One natural division in user documentation consists of splitting instructions you use once from instructions you use again and again. In a theoretical software life cycle, you only install or upgrade once, but you may backup and restore many times. Hence we tuck install and upgrade instructions in an Installation Guide we barely expect readers to scan. We then feature backup and restore instructions in an Administration Guide we expect will be well-thumbed, full of notes and bookmarks.
Yet for those of us primarily working with software rather than maintaining software operationally, installs (and uninstalls) turn out to be what we do more than anything else. Open source software increases the likelihood we spend even more time installing and uninstalling, as no evaluation method beats trying the software out for yourself.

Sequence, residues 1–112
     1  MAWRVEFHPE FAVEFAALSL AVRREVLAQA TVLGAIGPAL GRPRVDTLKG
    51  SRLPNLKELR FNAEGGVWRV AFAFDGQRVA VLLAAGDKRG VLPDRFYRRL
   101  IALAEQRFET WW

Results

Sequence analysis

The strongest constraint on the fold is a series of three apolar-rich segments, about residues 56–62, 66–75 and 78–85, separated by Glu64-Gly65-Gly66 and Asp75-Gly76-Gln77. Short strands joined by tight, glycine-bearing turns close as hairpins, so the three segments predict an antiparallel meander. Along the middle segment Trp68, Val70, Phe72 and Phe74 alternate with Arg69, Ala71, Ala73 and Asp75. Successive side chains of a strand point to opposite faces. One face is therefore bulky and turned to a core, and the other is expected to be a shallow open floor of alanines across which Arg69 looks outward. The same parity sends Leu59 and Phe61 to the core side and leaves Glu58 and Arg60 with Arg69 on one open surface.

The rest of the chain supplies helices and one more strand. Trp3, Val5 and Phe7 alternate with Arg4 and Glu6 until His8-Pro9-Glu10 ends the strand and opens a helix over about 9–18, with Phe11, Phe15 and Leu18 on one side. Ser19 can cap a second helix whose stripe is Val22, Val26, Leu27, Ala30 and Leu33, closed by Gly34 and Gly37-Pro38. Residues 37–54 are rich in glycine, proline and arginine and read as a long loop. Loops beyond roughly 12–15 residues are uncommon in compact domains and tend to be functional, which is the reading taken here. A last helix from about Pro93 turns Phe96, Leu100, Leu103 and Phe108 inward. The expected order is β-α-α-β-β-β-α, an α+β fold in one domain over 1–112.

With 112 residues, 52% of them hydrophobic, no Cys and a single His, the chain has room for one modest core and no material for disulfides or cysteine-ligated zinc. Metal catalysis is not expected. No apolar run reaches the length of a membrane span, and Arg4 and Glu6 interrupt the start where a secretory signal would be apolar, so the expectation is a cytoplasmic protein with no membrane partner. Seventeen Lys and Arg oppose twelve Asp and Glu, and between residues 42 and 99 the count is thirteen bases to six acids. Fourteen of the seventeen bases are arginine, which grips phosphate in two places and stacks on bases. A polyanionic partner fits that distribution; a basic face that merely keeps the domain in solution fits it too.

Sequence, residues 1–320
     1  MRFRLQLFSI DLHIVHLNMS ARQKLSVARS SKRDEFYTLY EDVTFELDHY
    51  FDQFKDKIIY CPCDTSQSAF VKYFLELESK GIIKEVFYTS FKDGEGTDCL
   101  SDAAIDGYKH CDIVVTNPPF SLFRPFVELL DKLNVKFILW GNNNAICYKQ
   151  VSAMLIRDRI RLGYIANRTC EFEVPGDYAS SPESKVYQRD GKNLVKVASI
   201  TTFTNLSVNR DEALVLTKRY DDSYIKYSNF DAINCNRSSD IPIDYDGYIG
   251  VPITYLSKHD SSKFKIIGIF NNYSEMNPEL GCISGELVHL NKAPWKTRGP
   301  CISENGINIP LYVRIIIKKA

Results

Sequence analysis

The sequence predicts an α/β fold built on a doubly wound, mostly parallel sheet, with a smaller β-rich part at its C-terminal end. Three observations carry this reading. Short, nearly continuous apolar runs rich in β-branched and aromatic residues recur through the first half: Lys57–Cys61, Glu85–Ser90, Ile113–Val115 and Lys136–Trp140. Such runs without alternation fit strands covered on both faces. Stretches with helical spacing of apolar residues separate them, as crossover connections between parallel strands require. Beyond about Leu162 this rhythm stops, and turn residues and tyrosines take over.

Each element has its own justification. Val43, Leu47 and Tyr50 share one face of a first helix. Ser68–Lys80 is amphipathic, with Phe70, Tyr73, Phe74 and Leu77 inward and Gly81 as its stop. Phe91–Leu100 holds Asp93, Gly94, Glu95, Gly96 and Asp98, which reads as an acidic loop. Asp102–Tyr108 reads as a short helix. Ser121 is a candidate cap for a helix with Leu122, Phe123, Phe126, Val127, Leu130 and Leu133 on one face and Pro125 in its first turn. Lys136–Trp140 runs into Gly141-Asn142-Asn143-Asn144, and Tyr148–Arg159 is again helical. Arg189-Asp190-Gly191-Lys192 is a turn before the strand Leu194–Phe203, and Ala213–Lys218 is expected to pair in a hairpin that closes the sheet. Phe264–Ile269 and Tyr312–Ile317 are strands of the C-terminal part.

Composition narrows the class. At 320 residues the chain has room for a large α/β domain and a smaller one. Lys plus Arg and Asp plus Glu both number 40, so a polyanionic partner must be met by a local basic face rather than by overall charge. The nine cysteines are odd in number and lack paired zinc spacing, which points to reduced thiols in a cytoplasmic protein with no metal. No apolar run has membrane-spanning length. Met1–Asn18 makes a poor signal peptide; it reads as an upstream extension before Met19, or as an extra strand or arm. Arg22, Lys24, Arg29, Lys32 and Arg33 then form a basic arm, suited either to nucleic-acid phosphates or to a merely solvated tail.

Barriers to install and uninstall — buy before you try, or the sheer difficulty of getting things up and running — no doubt hurt software quality beyond installation, too. Bugs hide under cover, in the shadows.
OpenDJ‘s quick setup install (and quick uninstall) makes it easy not only to set up a new server, but also to configure OpenDJ’s killer feature: built-in data replication. You can set up several OpenDJ servers to mirror each others’ data, all in a few wizard screens per install. You can then tear the servers down by using ./OpenDJ/uninstall, which pops up another wizard screen by default, an perhaps an rm -rf OpenDJ/ if uninstall cannot remove all files. You may also find a keystore containing self-signed certs under $HOME/.opends. Yet overall adding and removing OpenDJ repeatedly does not leave a mess. Plus although in production OpenDJ can scale to serve millions of users, an OpenDJ evaluation with default settings can be done with less than 100 MB disk and 256 MB free memory, both of which you reclaim completely on uninstall.
Take a test drive starting from http://www.forgerock.org/opendj.html.
(Cross-posted from http://marginnotes2.wordpress.com/.)